I have believed that magnets affect the body to help it to function better and to heal faster for a long time, and I use magnets myself. Most of the evidence that you hear offered for using magnets is usually anecdotal at best, just stories with little if any scientific proof. What if there was some scientific evidence that magnets really can help the body?
I just started reading Cross Currents – The Perils of Electropollution, the Promise of Electromedicine by Dr. Robert O. Becker. I’d heard about Dr. Becker and that he had some things to say about magnets so I picked up his books several years ago but for some reason never got around to reading them. Now I am. The book was copyrighted in 1990, so the information isn’t exactly new, just not commonly shared in the health industry. I’m not very far into the book yet but I came across something interesting that I would like to share.
In sum, magnetic and electromagnetic fields have energy, can carry information, and are produced by electrical currents. When we talk about electrical currents flowing in living organisms, we also imply that they are producing magnetic fields that extend outside of the body and can be influenced by external magnetic fields as well.
The Current of Injury
So far in the book Dr. Becker has been talking about the experiments that he has done to establish something he calls the current of injury. The current of injury is a direct current (DC), the kind of current that you get when you power a device using a battery as opposed to the alternating current (AC) that you get from an outlet in your wall. In DC, electrons flow only in one direction. In AC, the direction of flow switches back and forth several times every second. In the case of a 60 Hz alternating current, the direction of flow changes from forward to backward and back to forward 60 times every second.
He liked to do experiments on salamanders because of their ability to regenerate lost limbs. He measured the current of injury at a broken leg in a salamander over time as the leg healed and compared that to the current of injury in frogs with the same injury (frogs don’t regenerate lost limbs) to see how they were different. The current of injury exists in all animals, even us humans, when they experience an injury, and it is maintained until the injury is completely healed.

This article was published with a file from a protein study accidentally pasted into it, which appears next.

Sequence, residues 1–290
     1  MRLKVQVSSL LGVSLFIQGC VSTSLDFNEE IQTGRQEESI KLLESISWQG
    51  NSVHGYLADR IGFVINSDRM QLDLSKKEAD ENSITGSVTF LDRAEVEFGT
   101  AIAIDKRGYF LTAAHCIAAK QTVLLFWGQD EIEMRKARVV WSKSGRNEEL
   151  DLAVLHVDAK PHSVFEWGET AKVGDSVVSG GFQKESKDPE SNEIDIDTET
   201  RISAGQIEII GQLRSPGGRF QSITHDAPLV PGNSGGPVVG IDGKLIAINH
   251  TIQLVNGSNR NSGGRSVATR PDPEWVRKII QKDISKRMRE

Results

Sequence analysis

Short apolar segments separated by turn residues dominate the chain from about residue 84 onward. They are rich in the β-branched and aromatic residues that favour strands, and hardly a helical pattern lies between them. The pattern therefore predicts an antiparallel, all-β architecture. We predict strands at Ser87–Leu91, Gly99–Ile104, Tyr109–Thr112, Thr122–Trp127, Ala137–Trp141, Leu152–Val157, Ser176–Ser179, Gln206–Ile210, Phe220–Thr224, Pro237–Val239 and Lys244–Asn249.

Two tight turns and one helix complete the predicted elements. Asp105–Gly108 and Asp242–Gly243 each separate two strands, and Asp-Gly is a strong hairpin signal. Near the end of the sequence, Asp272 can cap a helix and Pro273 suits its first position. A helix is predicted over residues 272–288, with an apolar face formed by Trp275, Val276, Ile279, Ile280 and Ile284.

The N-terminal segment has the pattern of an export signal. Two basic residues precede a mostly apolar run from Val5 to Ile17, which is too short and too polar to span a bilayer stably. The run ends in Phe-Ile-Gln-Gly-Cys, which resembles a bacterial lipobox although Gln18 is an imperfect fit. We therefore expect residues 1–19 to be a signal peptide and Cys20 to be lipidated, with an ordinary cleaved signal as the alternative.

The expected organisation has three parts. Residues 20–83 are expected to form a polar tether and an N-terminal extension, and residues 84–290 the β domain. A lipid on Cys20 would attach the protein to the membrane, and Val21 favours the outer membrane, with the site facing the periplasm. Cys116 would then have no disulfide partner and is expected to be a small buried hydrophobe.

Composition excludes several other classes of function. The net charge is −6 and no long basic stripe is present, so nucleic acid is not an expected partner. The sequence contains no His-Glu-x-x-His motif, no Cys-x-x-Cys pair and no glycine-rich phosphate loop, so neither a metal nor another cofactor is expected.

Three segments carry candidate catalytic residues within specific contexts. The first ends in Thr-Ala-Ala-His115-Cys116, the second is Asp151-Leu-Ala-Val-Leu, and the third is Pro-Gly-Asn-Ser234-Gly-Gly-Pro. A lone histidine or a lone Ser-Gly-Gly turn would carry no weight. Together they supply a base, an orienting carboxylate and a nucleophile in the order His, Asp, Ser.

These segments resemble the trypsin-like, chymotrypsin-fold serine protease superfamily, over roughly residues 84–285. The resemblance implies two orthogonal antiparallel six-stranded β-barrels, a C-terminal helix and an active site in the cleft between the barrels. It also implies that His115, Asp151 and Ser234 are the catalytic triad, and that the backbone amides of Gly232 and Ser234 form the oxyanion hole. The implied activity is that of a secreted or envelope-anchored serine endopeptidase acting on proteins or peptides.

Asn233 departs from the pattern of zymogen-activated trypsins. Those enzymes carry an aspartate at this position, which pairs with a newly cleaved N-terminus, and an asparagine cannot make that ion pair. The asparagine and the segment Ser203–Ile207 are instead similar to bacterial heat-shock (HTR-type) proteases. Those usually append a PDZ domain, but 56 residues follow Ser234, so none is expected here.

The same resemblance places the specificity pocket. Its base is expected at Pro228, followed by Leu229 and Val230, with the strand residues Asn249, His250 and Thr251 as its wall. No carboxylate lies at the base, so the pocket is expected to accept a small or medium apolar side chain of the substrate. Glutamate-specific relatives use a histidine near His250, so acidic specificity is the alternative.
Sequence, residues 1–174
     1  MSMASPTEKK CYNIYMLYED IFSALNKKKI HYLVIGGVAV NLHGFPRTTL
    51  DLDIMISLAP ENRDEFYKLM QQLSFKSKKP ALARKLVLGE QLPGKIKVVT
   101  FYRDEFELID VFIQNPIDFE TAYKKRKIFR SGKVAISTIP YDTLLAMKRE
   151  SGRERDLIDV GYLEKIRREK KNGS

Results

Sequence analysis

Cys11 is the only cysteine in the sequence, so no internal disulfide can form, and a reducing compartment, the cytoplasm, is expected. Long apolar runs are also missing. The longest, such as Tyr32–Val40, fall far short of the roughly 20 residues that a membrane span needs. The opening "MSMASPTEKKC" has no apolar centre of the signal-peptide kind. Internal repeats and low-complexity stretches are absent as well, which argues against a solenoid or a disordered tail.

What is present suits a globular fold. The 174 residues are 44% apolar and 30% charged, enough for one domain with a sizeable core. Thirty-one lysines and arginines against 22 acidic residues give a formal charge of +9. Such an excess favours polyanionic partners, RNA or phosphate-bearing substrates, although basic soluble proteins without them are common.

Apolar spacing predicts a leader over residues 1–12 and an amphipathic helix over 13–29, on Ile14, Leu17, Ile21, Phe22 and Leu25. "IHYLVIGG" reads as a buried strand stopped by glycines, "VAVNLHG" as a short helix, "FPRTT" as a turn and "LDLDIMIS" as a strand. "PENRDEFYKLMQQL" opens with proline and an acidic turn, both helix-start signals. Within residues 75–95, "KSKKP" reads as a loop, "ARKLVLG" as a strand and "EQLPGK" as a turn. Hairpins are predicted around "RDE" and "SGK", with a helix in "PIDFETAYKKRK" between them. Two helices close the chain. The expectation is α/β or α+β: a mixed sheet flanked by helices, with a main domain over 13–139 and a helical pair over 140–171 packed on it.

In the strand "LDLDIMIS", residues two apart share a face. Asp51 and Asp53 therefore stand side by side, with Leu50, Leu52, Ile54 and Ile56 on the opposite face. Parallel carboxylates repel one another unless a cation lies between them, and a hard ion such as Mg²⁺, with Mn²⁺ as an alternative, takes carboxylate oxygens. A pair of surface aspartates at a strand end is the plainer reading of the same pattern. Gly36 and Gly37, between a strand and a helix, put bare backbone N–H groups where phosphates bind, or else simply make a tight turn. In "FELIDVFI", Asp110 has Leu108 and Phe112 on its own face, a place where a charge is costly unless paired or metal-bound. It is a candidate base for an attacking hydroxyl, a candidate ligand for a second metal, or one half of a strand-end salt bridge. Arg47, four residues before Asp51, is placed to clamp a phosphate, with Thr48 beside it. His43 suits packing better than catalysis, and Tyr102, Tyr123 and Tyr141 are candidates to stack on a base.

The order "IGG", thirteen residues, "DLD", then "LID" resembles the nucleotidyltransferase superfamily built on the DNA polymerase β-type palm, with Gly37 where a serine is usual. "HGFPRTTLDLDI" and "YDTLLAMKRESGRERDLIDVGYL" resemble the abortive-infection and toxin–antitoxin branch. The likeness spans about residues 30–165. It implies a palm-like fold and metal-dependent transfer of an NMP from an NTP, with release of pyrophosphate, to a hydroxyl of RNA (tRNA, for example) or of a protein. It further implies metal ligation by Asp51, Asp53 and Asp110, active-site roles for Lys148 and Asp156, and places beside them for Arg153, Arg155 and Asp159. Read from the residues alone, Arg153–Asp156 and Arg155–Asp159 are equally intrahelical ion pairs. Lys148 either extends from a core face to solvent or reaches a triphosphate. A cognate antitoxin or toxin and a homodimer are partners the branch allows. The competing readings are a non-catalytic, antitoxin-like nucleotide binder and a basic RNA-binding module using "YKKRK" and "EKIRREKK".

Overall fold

Getting back to the quote above, a DC current produces the same kind of magnetic field as you get from a static magnet, it doesn’t change much over time. Likewise, an AC current produces a pulsed magnetic field, one that switches directions with the flow of the charges in the wire.
The current of injury in the body is DC so it produces a static magnetic field. As Dr. Becker stated in the quote from his book, that static magnetic field extends from the body and can be influenced by external magnetic fields. Those external magnetic fields could be the field created by placing a magnet on or near the body or the magnetic fields created by other people close by.
Using the Body’s Magnetic Fields
Most people have heard of MRI, magnetic resonance imaging. An MRI machine takes pictures of the magnetic field in the body so that doctors can get a very accurate picture of what is happening inside. There are also magnetic versions of most of the electrical measurements that can be made from the body. For example, the ECG (electro-cardiogram) has a magnetic counterpart in the MCG (magneto-cardiogram).
The ECG measures the electrical field produced by the heart and involves sticking electrodes to the chest. The MCG on the other hand can be measured at a distance, so it doesn’t involve all the mess of the electrodes. It is also more accurate because the magnetic fields produced by the various tissues in the chest are easier to separate than the combined electrical fields. All tissues produce fields, so the doctors have to filter out the fields from the skin, bone and lungs to isolate the field from the heart itself. It is easier to separate out the magnetic fields.
Back to the current of injury and its corresponding static magnetic field. As I pointed out above with the MRI and MCG, the magnetic field from your brain can be measured without touching your body. Likewise, if you have sensitive enough equipment, you can measure the static magnetic field generated by the DC current of injury. That magnetic field can also be influenced by placing magnets within it by placing a magnet on or near the skin in the area of the injury. This is how magnets affect the body.
The way I see it based on what I’ve read and studied (I studied electrical engineering in college), you can place a magnet on or near the skin in an area where you need a boost. The magnet influences a change in your body’s magnetic field in that area which then causes electrical and/or chemical changes in the body in that area, which can then spread throughout the whole body.
As I said, I use magnets. I wear a magnetic necklace and a magnetic bracelet all the time and I keep a pair of magnetic insoles in my shoes. I have other magnets that I can tape to my skin anywhere that I may feel sore or achy from time to time.
Please leave me a comment below and share if you have used magnets, or considered using them, to help your body and what you used them for.
Disclaimer & Disclosure
I am not a doctor and cannot offer any medical advice. If you have a medical issue then please see your doctor. I am a distributor for the magnets that I use, so I may earn a commission if you order through any of the link on this page. I am also an affiliate with Amazon and may earn a small commission if you order the book through the link above. No commissions I may earn will affect the price that you pay.